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Ethanol: Salvation or Panacea?

    

The average person does not realize that the amount of corn required to fill a 25-gallon SUV gas tank with ethanol can feed one person for a year.  If the entire U.S. grain harvest were converted into fuel for cars, it would satisfy only about 17% of U.S. demand, according to Fortune Magazine. 

                 

Grain-to-ethanol plants are illegal in China.  With 20% of the world's people, the Chinese see the absurdity of burning a critical food source in automobiles.  In addition to misdirecting the use of valuable food sources in a world populated by so many hungry and starving people, ethanol and bio-diesel fuels make no economic sense.  Ultimately, cellulosic (sawdust, corn stalks, switch grass, etc.) will be good non-food alternative energy sources.    

                 

In addition to consuming large amounts of corn to make ethanol, water shortages are common near ethanol  manufacturing plants as a result of their needing seven gallons of water to make one gallon of ethanol.  Also, in some circles it is often debated that a gallon of ethanol requires more energy to make than it saves.  It doesn’t appear that the ledger is balancing at this time. 

 

Even with a federal ethanol subsidy of $.51 per gallon and additional farm state subsidies (for example: Minnesota has a $.20 per gallon ethanol subsidies), many ethanol plants are losing money and some older plants are closing due to the lack of demand for ethanol fuel commonly known as E-85. 

                

Since January 2005, the ethanol industry has nearly doubled its capacity and 73 new ethanol plants are now under construction.  But plans for additional plants have stalled.  In all the critics tabulate that corn ethanol subsidies totaled $7 billion in 2006 with $2.5 billion going to the blenders (blenders are ethanol plants).  Why are so many plants losing money? Raw material cost (corn) has soared in response to ethanol plant demand, at the same time the market price of ethanol has fallen from over $4.00 per gallon in 2006 to less than $2.00 per gallon today because of a current supply glut.  Put simply the demand isn’t quite there yet.  Further stifling demand is a lack of retail distribution.  Ever try to find an gas station that distributes ethanol?  You may know of one or two but you certainly can’t name a dozen.  That’s because there are only a few hundred in the whole country.  To spur buying activity, ethanol is currently priced well below gasoline.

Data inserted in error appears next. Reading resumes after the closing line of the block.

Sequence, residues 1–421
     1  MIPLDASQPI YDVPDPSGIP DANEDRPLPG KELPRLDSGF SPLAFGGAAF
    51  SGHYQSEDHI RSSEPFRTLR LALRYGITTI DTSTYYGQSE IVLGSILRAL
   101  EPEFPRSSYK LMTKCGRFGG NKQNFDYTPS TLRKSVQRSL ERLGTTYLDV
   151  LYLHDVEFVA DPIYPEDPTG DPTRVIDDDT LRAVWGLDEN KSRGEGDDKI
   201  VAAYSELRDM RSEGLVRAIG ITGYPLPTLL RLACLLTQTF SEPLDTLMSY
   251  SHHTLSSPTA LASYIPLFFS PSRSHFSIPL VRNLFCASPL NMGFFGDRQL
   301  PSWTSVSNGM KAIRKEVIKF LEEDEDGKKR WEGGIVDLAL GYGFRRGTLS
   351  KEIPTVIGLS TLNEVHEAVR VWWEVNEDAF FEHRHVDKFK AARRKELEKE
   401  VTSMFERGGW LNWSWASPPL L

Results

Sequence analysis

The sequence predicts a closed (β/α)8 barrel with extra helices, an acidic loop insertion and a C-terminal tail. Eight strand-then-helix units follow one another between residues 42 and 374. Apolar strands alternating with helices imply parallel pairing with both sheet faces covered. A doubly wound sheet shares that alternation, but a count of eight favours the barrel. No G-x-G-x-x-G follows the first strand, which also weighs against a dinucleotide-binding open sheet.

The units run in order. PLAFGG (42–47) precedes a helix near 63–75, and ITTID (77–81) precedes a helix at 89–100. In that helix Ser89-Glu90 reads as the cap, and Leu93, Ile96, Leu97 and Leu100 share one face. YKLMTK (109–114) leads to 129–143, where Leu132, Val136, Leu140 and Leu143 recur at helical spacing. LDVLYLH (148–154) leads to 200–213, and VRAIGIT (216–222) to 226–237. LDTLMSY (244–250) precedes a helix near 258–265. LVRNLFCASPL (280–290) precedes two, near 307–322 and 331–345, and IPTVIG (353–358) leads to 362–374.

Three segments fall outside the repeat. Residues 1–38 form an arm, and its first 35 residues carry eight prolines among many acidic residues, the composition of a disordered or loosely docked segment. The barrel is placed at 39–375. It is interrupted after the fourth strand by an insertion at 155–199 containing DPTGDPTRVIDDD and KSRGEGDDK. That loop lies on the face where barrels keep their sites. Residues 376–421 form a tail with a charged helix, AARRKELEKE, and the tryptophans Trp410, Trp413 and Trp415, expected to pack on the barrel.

The Department of Energy has directed $385 million to be spread over the next four to six years to develop cellulose ethanol plants.  Currently $2.5 billion annually is spent by the U.S. government on corn-based ethanol subsidies.  In conclusion, it appears this industry is ahead of itself and it appears that estimates of ethanol usage will fall short of current estimates. 

 

 

(Some of the information contained in this article appeared in Leuthold Perception publication – November 2007.)

    



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